# Wolfram's automata, a simple implementation with Python

January 23, 2017Complexity science is one of my favorite topics, ever. Studying complexity is how I ended up in the computer science bandwagon in the first place, and I constantly find myself thinking about how individual agents’ decisions affect the overall state of systems. Self-organization and emergence are fundamental aspects of how the pieces of the complexity puzzle fit together, and Wolfram’s elementary cellular automata are a great way to understand them.

From Wikipedia^{1}, these are “one-dimensional cellular automata where there are two possible states (labeled 0 and 1) and the rule to determine the state of a cell in the next generation depends only on the current state of the cell and its two immediate neighbors.” This sounds complicated, but in reality it is just complex, and can be explained with quite simply.

For example, the animation above is a run of Rule 30^{2}, which can be visualized easily:

Which represented by a Python `dict`

looks like:

```
rule = {"111": '0', "110": '0', "101": '0', "000": '0',
"100": '1', "011": '1', "010": '1', "001": '1'}
```

In this dictionary, each triplet (“the current state of the cell and its two immediate neighbors”) points to “the state of a cell in the next generation.” Basic arithmetic can show us that there will always be 8 states to consider in one of these rules.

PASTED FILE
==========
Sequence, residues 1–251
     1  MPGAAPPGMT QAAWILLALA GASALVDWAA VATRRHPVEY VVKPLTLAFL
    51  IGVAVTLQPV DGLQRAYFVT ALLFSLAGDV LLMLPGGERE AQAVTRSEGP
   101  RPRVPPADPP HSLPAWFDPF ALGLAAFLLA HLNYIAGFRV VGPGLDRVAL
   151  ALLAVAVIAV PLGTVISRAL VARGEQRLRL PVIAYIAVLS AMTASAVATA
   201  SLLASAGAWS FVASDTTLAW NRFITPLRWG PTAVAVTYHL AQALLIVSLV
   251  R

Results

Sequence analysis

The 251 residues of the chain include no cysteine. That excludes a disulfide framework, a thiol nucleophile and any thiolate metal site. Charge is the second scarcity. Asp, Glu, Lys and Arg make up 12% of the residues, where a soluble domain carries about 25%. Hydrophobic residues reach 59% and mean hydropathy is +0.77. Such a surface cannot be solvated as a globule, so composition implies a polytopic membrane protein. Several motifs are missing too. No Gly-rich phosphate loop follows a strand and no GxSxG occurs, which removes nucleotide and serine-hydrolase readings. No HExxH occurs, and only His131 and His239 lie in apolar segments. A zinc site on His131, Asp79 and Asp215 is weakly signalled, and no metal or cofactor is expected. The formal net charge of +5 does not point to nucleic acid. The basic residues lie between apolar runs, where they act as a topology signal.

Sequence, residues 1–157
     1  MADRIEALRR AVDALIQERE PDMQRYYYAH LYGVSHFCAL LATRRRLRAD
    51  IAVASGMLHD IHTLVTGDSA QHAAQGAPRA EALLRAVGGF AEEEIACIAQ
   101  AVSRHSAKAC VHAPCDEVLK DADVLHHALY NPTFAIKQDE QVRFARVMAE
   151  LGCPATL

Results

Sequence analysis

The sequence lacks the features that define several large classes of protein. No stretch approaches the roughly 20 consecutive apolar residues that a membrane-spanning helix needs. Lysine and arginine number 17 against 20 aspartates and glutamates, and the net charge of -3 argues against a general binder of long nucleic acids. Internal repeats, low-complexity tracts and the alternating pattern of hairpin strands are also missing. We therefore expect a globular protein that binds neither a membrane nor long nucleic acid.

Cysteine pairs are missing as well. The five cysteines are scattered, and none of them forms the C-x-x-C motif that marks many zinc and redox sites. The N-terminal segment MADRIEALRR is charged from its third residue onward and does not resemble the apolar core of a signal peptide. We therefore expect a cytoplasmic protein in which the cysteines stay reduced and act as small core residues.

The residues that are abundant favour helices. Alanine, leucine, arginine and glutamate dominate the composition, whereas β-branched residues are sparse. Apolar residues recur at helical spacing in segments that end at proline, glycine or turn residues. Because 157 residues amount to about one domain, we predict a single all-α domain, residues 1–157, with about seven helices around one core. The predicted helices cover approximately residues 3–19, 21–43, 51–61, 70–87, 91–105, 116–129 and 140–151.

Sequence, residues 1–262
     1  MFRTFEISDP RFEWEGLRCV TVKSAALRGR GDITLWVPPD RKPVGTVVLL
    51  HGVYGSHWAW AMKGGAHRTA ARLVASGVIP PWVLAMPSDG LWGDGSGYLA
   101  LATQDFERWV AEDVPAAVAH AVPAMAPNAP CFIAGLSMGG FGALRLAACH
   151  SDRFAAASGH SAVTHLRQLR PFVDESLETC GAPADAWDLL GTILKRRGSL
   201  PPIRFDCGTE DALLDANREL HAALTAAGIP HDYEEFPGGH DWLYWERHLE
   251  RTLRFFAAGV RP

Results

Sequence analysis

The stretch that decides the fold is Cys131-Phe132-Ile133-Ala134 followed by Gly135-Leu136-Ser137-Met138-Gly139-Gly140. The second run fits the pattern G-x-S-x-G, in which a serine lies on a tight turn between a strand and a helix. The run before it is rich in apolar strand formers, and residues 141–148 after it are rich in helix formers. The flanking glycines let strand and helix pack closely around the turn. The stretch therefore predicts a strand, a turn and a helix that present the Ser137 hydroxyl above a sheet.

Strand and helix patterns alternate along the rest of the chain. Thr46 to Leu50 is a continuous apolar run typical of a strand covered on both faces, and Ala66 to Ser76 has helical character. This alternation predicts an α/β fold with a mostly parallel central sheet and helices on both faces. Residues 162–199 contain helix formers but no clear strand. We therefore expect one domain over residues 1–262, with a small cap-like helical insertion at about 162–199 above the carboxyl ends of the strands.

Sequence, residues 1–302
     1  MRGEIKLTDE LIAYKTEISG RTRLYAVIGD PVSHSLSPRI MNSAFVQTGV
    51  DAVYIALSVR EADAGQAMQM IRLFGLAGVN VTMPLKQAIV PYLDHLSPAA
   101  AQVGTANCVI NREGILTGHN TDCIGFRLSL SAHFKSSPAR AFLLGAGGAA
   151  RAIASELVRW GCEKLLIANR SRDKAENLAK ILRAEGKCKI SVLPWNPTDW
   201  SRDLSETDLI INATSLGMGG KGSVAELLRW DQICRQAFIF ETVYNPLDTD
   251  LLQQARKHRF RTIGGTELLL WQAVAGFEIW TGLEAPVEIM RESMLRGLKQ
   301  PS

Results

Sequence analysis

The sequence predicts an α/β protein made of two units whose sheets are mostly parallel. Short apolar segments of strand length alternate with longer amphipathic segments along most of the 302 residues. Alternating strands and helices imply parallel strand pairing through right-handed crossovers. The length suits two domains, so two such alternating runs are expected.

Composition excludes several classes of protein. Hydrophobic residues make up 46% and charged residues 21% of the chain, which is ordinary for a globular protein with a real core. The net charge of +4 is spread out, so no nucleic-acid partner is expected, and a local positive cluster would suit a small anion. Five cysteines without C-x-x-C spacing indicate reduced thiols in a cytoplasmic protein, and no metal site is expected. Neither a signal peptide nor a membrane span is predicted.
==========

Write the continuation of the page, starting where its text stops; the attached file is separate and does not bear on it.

Generating a pattern is just a matter of breaking some initial state into triplets, and iterating over the groups. An initial state, or seed, might look like this:

```
initial_state = '00000000000000000000100000000000000000000'
```

As we just saw, we calculate the next state for each cell by looking at groups of three cells at a time. This can be done with a windowing function:

```
def window(iterable, stride=3):
for index in range(len(iterable) - stride + 1):
yield iterable[index:index + stride]
```

The behavior of this function is pretty simple, and is best shown by example:

```
# notice that window is a generator
>>> window('foobar')
<generator object window at 0x10346bf10>
>>> list(window('foobar'))
['foo', 'oob', 'oba', 'bar']
```

If we apply this to our seed, we get what we’d expect, and computing the next state is quite straightforward: for every triplet, we look up the corresponding next state, and join it into a new string.

```
# >>> list(window(initial_state))
# ['000', '000', '000', '000', '000', '000', '000', '000',
# '000', '000', '000', '000', '000', '000', '000', '000',
# '000', '000', '001', '010', '100', '000', '000', '000',
# '000', '000', '000', '000', '000', '000', '000', '000',
# '000', '000', '000', '000', '000', '000', '000']
patterns = window(initial_state)
new_state = ''.join(rule[pat] for pat in patterns)
# >>> print(new_state)
# 00000000000000000111000000000000000000
```

It isn’t hard to see how repeating the same process again and again will give us the kind of behavior we see in the original animation. However, we need to add a bit of padding to accommodate for the special conditions of our (literal) edge cases, or we’ll shrink by two cells when processing each row.

```
# non-padded
state = initial_state
for _ in range(15):
patterns = window(state)
state = ''.join(rule[pat] for pat in patterns)
print(state)
# 00000000000000000000100000000000000000000
# 000000000000000000111000000000000000000
# 0000000000000000110010000000000000000
# 00000000000000110111100000000000000
# 000000000000110010001000000000000
# 0000000000110111101110000000000
# 00000000110010000100100000000
# 000000110111100111111000000
# 0000110010001110000010000
# 00110111101100100011100